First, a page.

The First Modern War

The Civil War is often considered the first “modern” American war for a variety of reasons. What was significant and wholly new about the war America waged war between the North and South during the Civil War Think in terms of technology, economy, and tactics. Also, how did the fighting of the war differ from the its beginning to its end
Civil War one side (meaning the North) “was wholly and eternally right,” while the other side (meaning the South) “was wholly and eternally wrong.” I might cite those on the Southern side of the great controversy, equally sincere and fully as able, who would have been glad to persuade posterity that the North was “wholly and eternally wrong”; that her people waged war upon sister States who sought peacefully to set up a homogeneous government, and meditated no wrong or warfare upon the remaining sister States. These Southern leaders steadfastly maintained that the Southern people, in the exercise of the freedom and sovereign rights purchased by Revolutionary blood, were asserting a second independence according to the teachings and example of their fathers.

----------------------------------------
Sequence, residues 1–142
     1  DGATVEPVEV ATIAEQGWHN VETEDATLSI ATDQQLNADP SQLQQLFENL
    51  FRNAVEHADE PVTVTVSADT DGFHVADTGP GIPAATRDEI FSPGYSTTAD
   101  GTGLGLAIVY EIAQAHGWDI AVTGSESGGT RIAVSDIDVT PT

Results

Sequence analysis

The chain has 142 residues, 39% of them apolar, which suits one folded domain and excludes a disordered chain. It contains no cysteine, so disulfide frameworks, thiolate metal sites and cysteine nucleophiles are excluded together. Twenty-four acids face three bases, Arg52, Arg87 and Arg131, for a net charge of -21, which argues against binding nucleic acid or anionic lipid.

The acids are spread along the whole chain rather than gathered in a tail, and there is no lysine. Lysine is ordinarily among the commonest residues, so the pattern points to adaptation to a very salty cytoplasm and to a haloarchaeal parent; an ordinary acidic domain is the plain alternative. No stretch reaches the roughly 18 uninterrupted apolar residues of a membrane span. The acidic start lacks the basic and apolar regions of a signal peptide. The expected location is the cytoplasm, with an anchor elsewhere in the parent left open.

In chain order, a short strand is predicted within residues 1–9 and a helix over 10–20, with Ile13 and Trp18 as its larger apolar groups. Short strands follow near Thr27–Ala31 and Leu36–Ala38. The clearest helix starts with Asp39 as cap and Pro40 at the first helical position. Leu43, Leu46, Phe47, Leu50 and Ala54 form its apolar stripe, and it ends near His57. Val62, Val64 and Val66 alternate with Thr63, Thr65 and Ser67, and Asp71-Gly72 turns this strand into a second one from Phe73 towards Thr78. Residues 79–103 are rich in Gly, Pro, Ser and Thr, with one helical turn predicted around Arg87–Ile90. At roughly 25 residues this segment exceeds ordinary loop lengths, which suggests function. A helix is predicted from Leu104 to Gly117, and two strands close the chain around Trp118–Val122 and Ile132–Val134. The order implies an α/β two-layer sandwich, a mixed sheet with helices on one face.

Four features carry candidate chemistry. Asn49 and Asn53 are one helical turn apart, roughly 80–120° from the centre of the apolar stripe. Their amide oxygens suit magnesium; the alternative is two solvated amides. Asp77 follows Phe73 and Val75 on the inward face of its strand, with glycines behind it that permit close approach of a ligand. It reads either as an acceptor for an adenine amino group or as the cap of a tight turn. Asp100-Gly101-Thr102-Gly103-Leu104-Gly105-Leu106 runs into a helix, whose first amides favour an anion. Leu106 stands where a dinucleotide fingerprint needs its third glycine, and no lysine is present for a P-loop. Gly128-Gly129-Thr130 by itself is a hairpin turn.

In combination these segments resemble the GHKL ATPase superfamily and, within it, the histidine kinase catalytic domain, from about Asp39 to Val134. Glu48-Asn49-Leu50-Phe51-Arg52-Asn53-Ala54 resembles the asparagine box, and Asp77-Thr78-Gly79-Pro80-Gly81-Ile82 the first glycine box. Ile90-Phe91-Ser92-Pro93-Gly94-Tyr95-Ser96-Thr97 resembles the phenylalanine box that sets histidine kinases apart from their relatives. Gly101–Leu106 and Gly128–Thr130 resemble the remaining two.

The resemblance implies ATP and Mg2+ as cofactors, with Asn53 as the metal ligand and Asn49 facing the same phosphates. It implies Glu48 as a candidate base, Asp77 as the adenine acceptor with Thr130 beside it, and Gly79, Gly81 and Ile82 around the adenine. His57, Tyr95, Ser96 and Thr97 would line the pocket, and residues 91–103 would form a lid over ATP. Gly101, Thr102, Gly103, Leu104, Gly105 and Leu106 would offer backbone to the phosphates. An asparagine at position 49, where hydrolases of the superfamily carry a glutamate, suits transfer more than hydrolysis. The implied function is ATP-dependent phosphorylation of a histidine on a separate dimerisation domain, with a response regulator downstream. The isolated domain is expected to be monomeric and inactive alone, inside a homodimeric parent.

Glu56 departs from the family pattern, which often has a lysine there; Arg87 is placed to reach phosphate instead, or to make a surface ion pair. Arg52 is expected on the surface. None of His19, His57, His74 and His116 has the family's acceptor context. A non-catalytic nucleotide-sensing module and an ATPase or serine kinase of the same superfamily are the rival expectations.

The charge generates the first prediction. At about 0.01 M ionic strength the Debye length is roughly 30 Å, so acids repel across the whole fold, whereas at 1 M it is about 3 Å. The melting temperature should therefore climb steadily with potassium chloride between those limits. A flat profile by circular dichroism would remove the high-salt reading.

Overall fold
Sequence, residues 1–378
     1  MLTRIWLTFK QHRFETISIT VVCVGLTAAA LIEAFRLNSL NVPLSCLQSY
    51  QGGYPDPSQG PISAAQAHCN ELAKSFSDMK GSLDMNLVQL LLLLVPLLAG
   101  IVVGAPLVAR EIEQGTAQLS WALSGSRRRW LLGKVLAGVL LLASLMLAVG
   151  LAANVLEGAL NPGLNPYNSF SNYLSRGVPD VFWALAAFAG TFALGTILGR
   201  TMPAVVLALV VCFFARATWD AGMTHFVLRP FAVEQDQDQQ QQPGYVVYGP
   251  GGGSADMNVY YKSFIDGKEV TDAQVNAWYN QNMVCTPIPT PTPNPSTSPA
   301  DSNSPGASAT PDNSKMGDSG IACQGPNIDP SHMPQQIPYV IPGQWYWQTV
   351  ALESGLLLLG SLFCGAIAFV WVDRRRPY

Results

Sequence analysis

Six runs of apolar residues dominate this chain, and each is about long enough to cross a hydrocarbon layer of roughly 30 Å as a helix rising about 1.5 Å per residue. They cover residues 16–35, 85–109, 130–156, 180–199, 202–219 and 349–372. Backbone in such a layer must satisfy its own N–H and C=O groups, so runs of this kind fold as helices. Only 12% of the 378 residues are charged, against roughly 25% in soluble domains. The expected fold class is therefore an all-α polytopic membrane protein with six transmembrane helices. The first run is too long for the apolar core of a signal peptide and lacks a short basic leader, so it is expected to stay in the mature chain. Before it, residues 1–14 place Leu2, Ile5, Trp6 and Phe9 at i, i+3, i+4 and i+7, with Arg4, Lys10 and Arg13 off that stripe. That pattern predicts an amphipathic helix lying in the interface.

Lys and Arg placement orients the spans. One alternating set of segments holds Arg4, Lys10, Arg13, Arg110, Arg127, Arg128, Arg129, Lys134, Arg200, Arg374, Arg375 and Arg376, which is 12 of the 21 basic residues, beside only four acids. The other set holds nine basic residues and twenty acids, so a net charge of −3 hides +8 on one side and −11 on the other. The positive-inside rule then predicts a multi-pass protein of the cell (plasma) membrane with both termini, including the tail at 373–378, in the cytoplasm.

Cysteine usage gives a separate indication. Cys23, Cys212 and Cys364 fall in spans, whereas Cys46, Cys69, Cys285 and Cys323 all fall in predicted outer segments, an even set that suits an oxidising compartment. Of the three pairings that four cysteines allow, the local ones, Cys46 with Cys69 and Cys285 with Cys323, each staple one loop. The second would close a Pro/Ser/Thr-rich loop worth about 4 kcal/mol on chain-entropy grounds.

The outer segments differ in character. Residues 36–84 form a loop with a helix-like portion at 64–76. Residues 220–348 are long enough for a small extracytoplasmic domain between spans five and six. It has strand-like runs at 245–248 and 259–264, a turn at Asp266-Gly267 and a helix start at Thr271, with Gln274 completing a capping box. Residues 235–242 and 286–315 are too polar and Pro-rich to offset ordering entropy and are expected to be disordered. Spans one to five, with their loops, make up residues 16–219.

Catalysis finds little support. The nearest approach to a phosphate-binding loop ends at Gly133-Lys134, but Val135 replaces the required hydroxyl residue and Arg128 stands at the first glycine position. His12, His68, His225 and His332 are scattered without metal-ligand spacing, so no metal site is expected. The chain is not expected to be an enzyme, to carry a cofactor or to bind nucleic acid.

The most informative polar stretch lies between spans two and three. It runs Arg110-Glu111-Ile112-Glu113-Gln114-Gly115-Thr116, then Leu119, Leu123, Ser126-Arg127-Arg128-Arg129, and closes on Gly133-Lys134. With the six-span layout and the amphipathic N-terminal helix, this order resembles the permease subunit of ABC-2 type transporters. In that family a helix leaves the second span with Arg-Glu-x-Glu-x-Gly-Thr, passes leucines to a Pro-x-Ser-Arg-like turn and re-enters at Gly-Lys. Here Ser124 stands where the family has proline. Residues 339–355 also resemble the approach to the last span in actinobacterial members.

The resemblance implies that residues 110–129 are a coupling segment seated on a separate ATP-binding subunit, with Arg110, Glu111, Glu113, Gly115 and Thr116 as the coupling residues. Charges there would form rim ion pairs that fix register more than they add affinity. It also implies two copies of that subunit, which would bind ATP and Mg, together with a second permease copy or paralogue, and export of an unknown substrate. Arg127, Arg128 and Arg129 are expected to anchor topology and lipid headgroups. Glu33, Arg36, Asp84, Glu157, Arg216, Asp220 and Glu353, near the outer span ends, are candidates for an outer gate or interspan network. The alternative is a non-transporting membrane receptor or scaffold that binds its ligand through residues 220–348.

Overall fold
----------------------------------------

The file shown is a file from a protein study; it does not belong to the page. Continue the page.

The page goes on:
But what good is to come to the country from partisan utterances on either side My own well-considered and long-entertained opinion, my settled and profound conviction, the correctness of which the future will vindicate, is this: that the one thing which is “wholly and eternally wrong” is the effort of so-called statesmen to inject one-sided and jaundiced sentiments into the youth of the country in either section. Such sentiments are neither consistent with the truth of history, nor conducive to the future welfare and unity of the Republic. The assumption on either side of all the righteousness and all the truth would produce a belittling arrogance, and an offensive intolerance of the opposing section; or, if either section could be persuaded that it was “wholly and eternally wrong,” it would inevitably destroy the self-respect and manhood of its people. A far broader, more truthful, and statesmanlike view was presented by the Hon. A. E. Stevenson, of Illinois, then Vice-President of the United States, in his opening remarks as presiding officer at the dedication of the National Park at Chickamauga. In perfect accord with the sentiment of the occasion and the spirit which led to the establishment of this park as a bond of national brotherhood, Mr. Stevenson said: “Here, in the dread tribunal of last resort, valor contended against valor. Here brave men struggled and died for the right as God gave them to see the right.”
Mr. Stevenson was right — ” wholly and eternally right.” Truth, justice, and patriotism unite in proclaiming that both sides fought and suffered for liberty as bequeathed by the Fathers–the one for liberty in the union of the States, the other for liberty in the independence of the States.

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